The Open Syllabus Project (OSP) is pleased to make the beta version of our Syllabus Explorer publicly available. The Explorer leverages a collection of over 1 million syllabi collected from university and departmental websites. It provides:
The first version of a new publication metric (Teaching Score) based on how often texts are taught.
A unique course-building tool that provides information about what’s taught with what.
A promising means of exploring the history of fields, curricular change, and differences in teaching across institutions, states, and countries.
The Syllabus Explorer publishes only metadata (citations, dates, locations, etc) extracted from its collection via machine learning techniques. It does not publish underlying documents or personally identifying information.
The Explorer is very much a work in progress. As you may discover, it gets a lot of things wrong. Fixes and improvements will be incremental. But it also gets a lot right, and makes curricula visible and navigable in ways that we think can become valuable to authors, teachers, researchers, administrators, publishers, and students. We hope that this beta version of the tool convinces you of that potential.
The Open Syllabus Project is, at present, a mostly volunteer effort. There are many ways to help make the project better: by donating syllabi, by helping to line up institutional partners, by volunteering development expertise, or by contributing money if you find the project especially useful or interesting (please do. This project operates on a shoestring.)
That’s the short version. For a longer version of how the Syllabus Explorer works and where we want to go with it, see the FAQ.
The Open Syllabus Explorer is two months old and just crossed 250,000 visits. One of the exciting aspects of the launch for us has been the process of discovering the audience for the project. We anticipated strong interest from US academics in the teaching rankingswithinfields and the ‘teaching scores’ for their own work. The traffic data appear to bear out that assumption. We anticipated interest from the library, publishing, open data, and educational technology worlds, and from students.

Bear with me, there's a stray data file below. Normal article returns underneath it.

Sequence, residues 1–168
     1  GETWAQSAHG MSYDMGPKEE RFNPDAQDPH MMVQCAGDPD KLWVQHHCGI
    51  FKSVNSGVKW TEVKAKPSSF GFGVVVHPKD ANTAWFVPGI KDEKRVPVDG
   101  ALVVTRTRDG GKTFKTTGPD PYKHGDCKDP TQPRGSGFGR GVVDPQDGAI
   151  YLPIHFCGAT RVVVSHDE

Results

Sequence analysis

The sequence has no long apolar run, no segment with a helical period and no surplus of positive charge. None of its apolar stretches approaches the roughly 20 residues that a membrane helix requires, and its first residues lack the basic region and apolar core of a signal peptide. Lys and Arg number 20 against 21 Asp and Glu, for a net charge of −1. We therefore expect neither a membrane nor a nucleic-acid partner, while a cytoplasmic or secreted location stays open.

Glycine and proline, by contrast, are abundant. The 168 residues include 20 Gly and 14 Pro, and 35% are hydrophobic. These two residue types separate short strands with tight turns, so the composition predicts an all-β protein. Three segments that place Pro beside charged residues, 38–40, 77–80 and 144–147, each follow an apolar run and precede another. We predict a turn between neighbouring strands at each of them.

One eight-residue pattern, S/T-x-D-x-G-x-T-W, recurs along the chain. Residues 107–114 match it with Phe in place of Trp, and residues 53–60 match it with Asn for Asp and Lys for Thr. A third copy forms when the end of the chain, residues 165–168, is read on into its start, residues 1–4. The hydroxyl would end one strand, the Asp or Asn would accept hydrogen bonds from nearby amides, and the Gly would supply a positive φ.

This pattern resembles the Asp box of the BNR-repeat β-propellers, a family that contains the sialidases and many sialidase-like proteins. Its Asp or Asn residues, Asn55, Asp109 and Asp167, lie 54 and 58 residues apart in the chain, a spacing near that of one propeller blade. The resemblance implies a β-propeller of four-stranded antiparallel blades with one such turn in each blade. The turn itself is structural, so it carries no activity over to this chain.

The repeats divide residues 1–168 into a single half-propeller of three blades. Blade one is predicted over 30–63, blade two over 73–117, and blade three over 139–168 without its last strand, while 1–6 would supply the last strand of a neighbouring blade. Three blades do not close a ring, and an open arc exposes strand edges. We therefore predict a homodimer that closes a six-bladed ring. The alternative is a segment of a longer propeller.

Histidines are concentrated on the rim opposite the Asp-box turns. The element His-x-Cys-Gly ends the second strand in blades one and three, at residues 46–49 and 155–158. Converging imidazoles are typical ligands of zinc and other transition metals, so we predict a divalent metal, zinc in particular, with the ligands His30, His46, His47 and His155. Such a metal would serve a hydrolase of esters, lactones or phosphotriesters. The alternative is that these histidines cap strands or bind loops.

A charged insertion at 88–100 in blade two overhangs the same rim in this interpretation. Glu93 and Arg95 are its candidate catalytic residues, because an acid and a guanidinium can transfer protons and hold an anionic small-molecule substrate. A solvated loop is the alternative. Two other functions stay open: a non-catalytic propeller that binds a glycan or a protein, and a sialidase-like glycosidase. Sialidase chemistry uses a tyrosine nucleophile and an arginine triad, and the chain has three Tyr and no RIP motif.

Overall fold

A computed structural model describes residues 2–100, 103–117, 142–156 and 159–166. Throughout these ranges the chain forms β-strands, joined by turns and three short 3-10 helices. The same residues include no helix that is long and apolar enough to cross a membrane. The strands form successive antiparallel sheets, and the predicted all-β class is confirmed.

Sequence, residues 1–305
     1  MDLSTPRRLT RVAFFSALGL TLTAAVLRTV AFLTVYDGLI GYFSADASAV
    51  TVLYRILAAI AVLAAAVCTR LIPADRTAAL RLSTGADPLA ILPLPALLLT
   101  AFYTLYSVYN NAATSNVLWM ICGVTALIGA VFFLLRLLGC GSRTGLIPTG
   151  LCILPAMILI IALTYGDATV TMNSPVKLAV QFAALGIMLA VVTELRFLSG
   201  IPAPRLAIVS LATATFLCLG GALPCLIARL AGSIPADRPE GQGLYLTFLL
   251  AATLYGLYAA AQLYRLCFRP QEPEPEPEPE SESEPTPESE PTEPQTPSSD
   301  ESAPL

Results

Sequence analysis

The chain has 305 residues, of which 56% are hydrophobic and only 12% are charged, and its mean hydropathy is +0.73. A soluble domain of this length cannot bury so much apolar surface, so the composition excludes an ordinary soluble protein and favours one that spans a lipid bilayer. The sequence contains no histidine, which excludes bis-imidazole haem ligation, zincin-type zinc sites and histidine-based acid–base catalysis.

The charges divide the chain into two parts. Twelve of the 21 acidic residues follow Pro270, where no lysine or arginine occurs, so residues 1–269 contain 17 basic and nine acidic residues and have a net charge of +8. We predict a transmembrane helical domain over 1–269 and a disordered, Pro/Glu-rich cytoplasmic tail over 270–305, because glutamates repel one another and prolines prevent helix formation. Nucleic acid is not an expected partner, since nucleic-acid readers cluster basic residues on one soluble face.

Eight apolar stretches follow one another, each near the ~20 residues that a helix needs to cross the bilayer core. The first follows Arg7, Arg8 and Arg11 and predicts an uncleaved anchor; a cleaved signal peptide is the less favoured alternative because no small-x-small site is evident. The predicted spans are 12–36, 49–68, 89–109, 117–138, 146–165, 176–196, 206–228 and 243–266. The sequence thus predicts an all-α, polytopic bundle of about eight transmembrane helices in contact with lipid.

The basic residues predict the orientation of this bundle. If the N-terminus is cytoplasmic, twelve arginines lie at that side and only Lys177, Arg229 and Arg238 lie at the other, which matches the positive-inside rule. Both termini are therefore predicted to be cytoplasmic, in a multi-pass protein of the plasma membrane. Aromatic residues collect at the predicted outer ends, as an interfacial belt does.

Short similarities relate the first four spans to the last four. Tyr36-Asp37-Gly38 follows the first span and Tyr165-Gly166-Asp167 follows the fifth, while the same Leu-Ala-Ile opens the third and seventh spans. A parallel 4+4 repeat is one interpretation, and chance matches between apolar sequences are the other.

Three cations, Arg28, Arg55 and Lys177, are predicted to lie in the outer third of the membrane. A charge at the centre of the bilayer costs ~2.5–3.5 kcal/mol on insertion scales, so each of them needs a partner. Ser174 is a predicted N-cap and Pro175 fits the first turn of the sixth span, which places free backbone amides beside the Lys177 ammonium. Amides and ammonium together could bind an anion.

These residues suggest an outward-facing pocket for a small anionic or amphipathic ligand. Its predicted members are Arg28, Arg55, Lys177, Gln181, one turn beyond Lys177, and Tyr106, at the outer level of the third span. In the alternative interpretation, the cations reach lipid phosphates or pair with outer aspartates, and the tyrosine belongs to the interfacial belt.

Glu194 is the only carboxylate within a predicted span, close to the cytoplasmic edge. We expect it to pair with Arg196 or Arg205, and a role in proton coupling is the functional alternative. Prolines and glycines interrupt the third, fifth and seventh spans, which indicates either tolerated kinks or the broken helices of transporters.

We didn’t expect the extent to which the OSP would be treated as an authoritative ranking of Great Books, with a broad audience interested in non or extra-academic learning. The most powerful hook for media stories (and resulting bumps in traffic) wasn’t the things that interested us most—the significance of introducing a new publishing metric and the potential for exploring the history of fields—but the use of the top-ranked books as a proxy for being educated or ‘well-read’, and the enduring connection of these ideas to forms of status anxiety. The Washington Post boiled this down to its simplest form: What Ivy League students are reading that you aren’t. Continue reading “The OSP at Two Months”→
April 2016 Job Listing: The Open Syllabus Project is an academic data-mining project at Columbia and Stanford that’s extracting structured information from a corpus of 1M+ college course syllabi. What’s actually being taught in college classrooms? How has this changed over time? What can we learn about the organization of the modern university from large-scale trends in the texts that are being assigned? How can insights from these data be applied to curriculum development, education policy, and lifelong learning? Continue reading “OSP is hiring a Full-stack Engineer / Data Scientist”→